Jammin' on his sax

For those who may not know him, Tim was the Jazz Studies professor at UW-Parkside, who taught classes such as Jazz Band, Jazz Appreciation, Jazz/Blues Improv, and other Jazz related academics. He was also the lessons instructor for clarinet and saxophone. Of course his talents expanded out from Jazz. He also played classical, dixieland, and probably just about everything else. It wouldn’t surprise me if Unc’s blood cells looked like music notes under a microscope. Here is a glimpse into who, exactly Tim Bell is, in this clip from WGTD.

Posing with his clarinet, while chilling outside

Growing up, I’d never had the opportunity to take any clarinet lessons, though I’d always wanted to. Being meek, I was a bit tentative about approaching a college professor to ask for lessons, since I was an International Relations major. I’ve always considered myself a student of Music. One day, at the end of Wind Ensemble (under the direction of Mark Eichner) to speak to a music student to set up and schedule her lessons. I’m still not sure what came over me, but I spoke up and wondered if there was room for me in his schedule to take lessons as well. He was surprised, but, I think he was also glad to have other students to share his talents with. The two other gals who sat on the other side of me also signed up for lessons as well. I remember listening closely to Jazz in high school, and while I didn’t understand it, the music and the improve kind of intrigued me, and piqued my interest, as well. (I’ll get back to this later).

Gifting his love of music in one of MANY gigs

That decision to speak up was a well worthwhile decision. Not just because I always wanted the lessons, but, his gusto for life was infectious. To him, life is all about people. And, of course, music. While all of the arts combined make up culture, music is the heartbeat that keeps it all going. Tim saw what ever talent, and knew it was going to be a challenge to bring it out, because I was this meek person, who usually tended to shy away from playing solo/alone in front of anybody... From the jokes, to the love of music, and especially because life is all about people, and music = life, I unofficially adopted him as my uncle, to which the nickname “Unc” came about. I had my rough patches back then. Each time I went in for my lesson, the rough time disappeared. Even during the weeks that I wasn’t the best student (from not practicing as much as I ought to have), I think I still had improvements in my playing. Not that it is 100% accredited to Unc, though he definitely was a part of the combination of it all. There are so many more, who also shares in the legacy, as you can read here.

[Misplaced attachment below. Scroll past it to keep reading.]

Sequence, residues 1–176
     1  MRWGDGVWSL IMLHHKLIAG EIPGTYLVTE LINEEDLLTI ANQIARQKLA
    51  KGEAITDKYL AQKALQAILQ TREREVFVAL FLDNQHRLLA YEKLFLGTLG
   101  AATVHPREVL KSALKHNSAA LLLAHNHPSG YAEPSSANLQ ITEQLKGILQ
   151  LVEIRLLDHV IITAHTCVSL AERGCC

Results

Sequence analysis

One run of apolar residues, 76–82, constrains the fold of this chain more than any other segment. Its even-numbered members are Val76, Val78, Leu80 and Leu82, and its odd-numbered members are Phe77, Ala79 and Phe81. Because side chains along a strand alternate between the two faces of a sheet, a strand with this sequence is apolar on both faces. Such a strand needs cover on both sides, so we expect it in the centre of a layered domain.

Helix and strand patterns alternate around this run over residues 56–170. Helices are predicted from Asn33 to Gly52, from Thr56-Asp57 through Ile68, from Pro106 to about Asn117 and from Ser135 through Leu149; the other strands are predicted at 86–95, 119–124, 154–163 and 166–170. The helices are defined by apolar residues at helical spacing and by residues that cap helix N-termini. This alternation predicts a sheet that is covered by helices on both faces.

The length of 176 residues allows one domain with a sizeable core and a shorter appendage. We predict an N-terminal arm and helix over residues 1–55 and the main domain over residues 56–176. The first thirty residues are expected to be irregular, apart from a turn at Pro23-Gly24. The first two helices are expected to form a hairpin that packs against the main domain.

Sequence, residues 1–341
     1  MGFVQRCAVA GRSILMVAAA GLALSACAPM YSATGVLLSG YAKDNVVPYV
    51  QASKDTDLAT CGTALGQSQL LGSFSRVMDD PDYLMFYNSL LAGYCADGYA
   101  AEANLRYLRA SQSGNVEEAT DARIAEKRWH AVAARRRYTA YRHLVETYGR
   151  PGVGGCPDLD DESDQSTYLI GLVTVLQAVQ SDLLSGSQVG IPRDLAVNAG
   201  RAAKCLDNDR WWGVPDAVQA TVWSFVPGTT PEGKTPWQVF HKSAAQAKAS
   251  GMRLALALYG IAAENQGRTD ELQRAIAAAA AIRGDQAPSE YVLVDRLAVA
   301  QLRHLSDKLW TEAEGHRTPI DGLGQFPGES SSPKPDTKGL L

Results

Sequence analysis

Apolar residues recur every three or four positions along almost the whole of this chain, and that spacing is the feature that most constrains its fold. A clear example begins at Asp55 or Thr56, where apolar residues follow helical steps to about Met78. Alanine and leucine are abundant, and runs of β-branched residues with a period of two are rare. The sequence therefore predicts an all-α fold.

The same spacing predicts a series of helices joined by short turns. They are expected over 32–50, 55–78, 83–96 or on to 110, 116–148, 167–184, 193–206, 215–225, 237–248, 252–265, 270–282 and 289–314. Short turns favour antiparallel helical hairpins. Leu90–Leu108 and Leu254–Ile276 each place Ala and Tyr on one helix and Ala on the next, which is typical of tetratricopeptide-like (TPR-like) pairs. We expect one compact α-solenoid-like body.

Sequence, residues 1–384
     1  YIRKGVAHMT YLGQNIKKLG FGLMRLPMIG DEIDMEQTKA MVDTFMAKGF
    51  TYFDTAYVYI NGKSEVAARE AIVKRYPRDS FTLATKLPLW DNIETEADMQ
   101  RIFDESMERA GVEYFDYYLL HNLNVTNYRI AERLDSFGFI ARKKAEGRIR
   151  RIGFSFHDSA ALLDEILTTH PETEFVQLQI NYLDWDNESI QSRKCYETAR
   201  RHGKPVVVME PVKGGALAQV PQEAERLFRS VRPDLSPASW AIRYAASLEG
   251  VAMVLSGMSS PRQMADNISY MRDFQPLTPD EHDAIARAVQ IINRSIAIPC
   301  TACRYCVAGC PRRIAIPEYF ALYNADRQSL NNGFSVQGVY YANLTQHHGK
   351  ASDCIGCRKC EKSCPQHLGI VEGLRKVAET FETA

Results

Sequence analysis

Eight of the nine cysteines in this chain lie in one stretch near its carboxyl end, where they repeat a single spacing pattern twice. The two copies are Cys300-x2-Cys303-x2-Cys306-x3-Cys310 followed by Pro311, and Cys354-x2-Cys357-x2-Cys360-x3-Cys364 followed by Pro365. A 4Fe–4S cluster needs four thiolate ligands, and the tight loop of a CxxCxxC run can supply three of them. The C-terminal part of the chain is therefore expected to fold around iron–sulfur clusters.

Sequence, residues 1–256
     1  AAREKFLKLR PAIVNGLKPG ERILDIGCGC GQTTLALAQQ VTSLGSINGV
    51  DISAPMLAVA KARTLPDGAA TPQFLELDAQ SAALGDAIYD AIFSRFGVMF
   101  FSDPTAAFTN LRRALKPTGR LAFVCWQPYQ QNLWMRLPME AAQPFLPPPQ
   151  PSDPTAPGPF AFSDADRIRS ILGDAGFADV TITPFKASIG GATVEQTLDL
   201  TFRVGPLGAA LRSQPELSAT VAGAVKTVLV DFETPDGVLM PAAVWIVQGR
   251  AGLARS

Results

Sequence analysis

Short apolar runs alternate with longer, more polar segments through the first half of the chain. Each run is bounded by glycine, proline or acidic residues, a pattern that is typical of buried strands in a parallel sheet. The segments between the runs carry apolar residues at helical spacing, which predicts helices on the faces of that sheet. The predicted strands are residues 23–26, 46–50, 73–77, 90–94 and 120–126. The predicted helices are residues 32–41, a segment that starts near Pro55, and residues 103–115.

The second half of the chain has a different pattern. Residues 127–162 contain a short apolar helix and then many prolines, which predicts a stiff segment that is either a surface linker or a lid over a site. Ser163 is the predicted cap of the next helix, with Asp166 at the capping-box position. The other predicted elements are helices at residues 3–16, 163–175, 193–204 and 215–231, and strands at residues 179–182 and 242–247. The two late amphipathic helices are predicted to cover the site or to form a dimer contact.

Showing his pride/love of his talents in music.

It was a happy surprise for me, when one semester, Unc needed a tenor sax player to be in Jazz Band. He brings me into the practice room, and let’s me check out the Selmer tenor for me to borrow. Wow. Me. Tenor sax. Jazz. I played for at least 2 semesters, and while it wasn’t long enough to become proficient, much less really good, but damn. I. Was. Doing. It. Nothing can take away that experience, and, I am forever grateful for that experience. So, to me, it was also befitting that Unc not only played a concert, but soloed also, the night before he passed. I bet he is jamming right now. The only thing I was kind of bummed about, was that I picked up the tradition of giving something to the person who passed away, and for me, it is something of significance, and because he had already gone to the cemetery, I was unable to do so. Fortunately, at the service, I was able to meet up with Unc’s son, Steve. at the funeral. He is taking the tenor sax reed I wanted to place with the Chief, to put on the headstone. I am forever fortunate and for this gesture. I was also able to meet Tim’s daughter (Steve’s sister), whom are kind of like my adopted cousins. Our shared legacy is now stronger for this.

His ever famous smile

Out of all of the pictures available, this is my favorite. That smile, with that twinkle in both eyes, where you’re not sure if a song or a joke was going to fall out of him... He had this comb over that when he flipped it, looked exactly like a bird wing, and he’d always do a double peace sign, and say, “Chief”. I’m still not sure if he was called chief because of this, or if getting the nickname helped him come up with this funny. Everyone would laugh, and I remember thinking that he is missing one wing. When I was able to sit with Unc at the same table with Mark, Esther, Gerry, and Barb for Eichner’s retirement party, I enjoyed a nice conversation with this character. As I was leaving, I realized that all those years, I was wrong about him missing a wing. No. He was not missing anything. Each and every one of us, individually and in various collectives, are his other wing... As long as we carry the love of music and performance with us, Unc will continue to fly. Keep flying, Chief. Keep jamming. The Saints are your new audience, and we will play together again, in due time.